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Sewage discharges, including septic tanks

http://www.gw.govt.nz/sewage-discharges-including-septic-tanks

Sewage discharges, including septic tanks

Updated 8 July 2015 8:47am

Sewage treatment and disposal can result in discharges of contaminants to land, air (spray droplets, odour), fresh water or coastal water.

Depending on the degree of treatment, sewage can harm people and the environment because it contains germs, nutrients, and stuff that's not completely broken down.

Discharges to land are controlled in the Regional Plan for Discharges to Land.

Discharges to fresh water are controlled in the Regional Freshwater Plan.

Discharges to coastal water are controlled in the Regional Coastal Plan and the Resource Management (Marine Pollution) Regulations, 1998.

Discharges to air associated with sewage treatment and disposal are controlled in the Regional Air Quality Management Plan.

Discharges to land

Rule 3 of the Regional Plan for Discharges to Land permits discharges from sewer pipes and pumps during maintenance and repair provided the activity complies with conditions stated in the rule.

Rule 5 of the Regional Plan for Discharges to Land permits discharges from pit latrines provided the activity complies with conditions stated in the rule.

Rule 6 of the Regional Plan for Discharges to Land permits the discharge of aerobically treated sewage (such as from package plants) into or onto land provided the activity complies with conditions stated in the rule.

Rule 7 of the Regional Plan for Discharges to Land permits the discharge of sewage from septic tanks and other domestic systems into, but not onto, land provided the activity complies with conditions stated in the rule.

Rule 8 of the Regional Plan for Discharges to Land requires a discharge permit for all discharges of sewage to land, no matter how well it is treated, unless it is allowed by Rule 3, Rule 5, Rule 6 or Rule 7.

This is a discretionary activity. Note that because discharges of composted sewage sludge are not specifically provided for, they require a discharge permit under this rule.

Discharges to air associated with sewage treatment and disposal

Rule 23 of the Regional Air Quality Management Plan requires a discharge permit for all discharges to air from sewage treatment and disposal unless the discharge is allowed by Rule 21.

Rule 21 of the Regional Air Quality Management Plan permits the discharge of contaminants to air from

  • on-site sewage treatment and disposal
  • the conveyancing of sewage through sewerage systems
  • sewage pumping stations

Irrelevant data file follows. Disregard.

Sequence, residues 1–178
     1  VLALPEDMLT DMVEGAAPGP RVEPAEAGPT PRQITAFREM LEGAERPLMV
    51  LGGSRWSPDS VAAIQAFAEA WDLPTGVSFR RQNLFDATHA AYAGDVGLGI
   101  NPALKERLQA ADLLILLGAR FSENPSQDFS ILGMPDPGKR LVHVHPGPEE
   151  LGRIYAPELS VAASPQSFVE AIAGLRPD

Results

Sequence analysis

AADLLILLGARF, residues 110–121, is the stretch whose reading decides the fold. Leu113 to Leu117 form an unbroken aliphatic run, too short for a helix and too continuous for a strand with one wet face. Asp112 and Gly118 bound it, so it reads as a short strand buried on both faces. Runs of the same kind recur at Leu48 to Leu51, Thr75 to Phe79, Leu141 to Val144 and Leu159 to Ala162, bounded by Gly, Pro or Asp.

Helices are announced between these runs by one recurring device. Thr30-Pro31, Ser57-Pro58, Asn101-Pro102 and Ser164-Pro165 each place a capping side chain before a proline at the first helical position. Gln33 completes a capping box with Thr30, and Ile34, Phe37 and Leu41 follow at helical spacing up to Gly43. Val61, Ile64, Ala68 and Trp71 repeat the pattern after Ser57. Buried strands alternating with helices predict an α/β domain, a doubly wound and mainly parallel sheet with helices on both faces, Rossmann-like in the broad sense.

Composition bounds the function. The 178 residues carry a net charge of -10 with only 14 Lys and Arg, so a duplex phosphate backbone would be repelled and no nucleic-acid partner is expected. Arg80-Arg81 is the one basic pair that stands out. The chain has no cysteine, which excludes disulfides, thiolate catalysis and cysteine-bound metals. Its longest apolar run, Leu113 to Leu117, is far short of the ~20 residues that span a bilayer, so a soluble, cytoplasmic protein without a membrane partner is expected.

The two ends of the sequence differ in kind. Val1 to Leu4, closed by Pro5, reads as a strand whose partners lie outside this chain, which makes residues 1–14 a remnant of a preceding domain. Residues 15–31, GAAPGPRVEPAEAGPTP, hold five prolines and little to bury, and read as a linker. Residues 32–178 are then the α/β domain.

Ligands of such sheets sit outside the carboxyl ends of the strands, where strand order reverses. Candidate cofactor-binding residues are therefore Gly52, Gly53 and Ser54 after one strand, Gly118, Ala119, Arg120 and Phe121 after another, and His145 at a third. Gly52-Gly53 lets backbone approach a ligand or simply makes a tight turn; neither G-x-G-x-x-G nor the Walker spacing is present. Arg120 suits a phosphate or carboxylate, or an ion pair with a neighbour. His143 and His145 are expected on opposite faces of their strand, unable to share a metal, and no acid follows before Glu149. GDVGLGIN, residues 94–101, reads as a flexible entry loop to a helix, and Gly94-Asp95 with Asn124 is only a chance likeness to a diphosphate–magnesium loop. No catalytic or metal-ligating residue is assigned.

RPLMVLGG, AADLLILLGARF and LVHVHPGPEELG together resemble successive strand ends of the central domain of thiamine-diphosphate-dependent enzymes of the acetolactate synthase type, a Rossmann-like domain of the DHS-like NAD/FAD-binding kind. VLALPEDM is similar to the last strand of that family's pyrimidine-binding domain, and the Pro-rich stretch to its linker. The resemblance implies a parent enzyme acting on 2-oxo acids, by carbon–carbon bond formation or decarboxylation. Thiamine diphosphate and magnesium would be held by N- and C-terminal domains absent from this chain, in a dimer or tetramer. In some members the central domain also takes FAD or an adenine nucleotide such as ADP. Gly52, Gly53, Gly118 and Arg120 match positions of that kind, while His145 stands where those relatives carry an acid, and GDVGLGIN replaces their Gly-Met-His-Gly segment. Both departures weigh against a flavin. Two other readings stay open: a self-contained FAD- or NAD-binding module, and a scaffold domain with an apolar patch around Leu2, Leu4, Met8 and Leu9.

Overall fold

subject to compliance with conditions stated in the rule.

Discharges to fresh water

Every discharge of sewage to water requires a discharge permit in accordance with Rule 5 of the Regional Freshwater Plan. This is a discretionary activity.

Discharges to coastal water, except from vessels

Rule 58 of the Regional Coastal Plan requires a coastal permit to discharge human sewage onto land or into water in the coastal marine area outside any Area of Significant Conservation Value.

This rule does not apply to discharges from vessels. This is a discretionary activity.

Rule 60 of the Regional Coastal Plan requires a coastal permit to discharge human sewage onto land or into water in the coastal marine area within any Area of Significant Conservation Value.

This rule does not apply to discharges from vessels. This is a non-complying activity.

Discharges to coastal water from ships and offshore installations

Discharges from vessels and offshore installations are controlled by the Resource Management (Marine Pollution) Regulations, which came into force on 20 July 1998.

The regulations apply to every kind of craft, whether or not it has any means of propulsion (see the definition of ship). The regulations apply to all coastal waters of New Zealand.

The part of the regulations dealing with sewage discharges from ships and offshore installations was amended in 2002.

Section 11 of the Resource Management (Marine Pollution) Regulations, 1998 permits discharges of sewage to the coastal marine area from a ship and offshore installation, provided the discharge is more than specified distances from shore and from marine farms, and provided the water is more than 5 metres deep.

Sections 12 and 12A of the Resource Management (Marine Pollution) Regulations, 1998 permits discharges of treated sewage from a ship and offshore installation, at closer distances to marine farms than are allowed by section 11.

To comply with this section, the sewage must be treated in sewage treatment facilities specified in the regulations.